medical card entitling the holder to free GP and hospital services. Older people will often come to particular attention as ‘older’ people if they are taken to an Accident and Emergency
Department and then channelled towards the geriatricians.
Several organisations are specifically concerned with the interests of older people.
- Age and Opportunity celebrates older age with its country-wide Bealtaine festival each May, and with its “Go for Life” programme. Positive Ageing is the fuel which drives the Irish Senior Citizens Parliament to highlight the views of older people, and it galvanises the Federation of Active Retirement Associations in working to ensure that older people have exciting and worthwhile retirements.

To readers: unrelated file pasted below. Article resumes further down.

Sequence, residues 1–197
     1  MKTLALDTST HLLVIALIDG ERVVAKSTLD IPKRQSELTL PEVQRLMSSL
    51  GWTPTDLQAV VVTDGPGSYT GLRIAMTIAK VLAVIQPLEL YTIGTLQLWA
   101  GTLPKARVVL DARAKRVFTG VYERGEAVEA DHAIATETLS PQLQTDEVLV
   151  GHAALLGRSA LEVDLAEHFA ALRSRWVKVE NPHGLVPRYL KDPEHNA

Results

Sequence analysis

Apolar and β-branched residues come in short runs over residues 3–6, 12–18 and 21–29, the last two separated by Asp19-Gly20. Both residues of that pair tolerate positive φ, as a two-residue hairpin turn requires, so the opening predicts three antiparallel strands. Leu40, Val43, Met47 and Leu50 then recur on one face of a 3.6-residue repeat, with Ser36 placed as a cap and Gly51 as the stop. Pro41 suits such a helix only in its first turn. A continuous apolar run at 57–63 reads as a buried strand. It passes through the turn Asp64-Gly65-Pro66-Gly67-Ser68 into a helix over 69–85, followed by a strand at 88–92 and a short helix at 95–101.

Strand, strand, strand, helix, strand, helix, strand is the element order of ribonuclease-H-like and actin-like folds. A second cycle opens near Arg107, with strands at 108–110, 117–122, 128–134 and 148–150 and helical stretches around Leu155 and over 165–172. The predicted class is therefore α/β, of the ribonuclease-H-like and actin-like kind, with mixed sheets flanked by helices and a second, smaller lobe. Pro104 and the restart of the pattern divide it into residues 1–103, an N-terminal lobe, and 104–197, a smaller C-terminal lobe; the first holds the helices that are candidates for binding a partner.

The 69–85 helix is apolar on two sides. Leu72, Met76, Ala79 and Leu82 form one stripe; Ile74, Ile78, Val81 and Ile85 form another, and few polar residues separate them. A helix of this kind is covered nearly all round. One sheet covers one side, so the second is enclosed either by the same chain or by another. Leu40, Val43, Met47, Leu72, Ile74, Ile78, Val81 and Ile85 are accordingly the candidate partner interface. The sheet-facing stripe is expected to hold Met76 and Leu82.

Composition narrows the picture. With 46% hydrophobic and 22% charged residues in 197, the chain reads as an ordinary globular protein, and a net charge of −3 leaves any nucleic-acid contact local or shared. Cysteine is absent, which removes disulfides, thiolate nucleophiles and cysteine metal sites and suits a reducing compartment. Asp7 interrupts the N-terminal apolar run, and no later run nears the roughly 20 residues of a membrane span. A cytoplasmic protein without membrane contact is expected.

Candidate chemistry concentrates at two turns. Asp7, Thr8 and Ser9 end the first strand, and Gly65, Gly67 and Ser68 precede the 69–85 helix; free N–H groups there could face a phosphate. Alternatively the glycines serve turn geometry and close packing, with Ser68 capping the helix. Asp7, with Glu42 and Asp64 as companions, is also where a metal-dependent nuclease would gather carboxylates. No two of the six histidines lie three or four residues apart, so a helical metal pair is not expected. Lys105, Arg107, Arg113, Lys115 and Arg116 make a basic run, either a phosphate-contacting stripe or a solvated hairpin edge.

- Age Action Ireland is involved in campaigning, research, Third Age learning, carer support, and information services.
- The Senior Helpline, based in Summerhill, Co Meath, allows older people a friendly listening post.
- The Carers Association, and Caring for Carers, concentrate on caring issues (although not exclusively involving older people) and the Alzheimer’s Society provides a wide range of services for people suffering from Alzheimer’s disease, and their families.
- The National Council on Ageing and Older People, a Government-appointed body, has produced many valuable reports and advises the Minister for Health and Children.
How Many Older People are there in the Republic?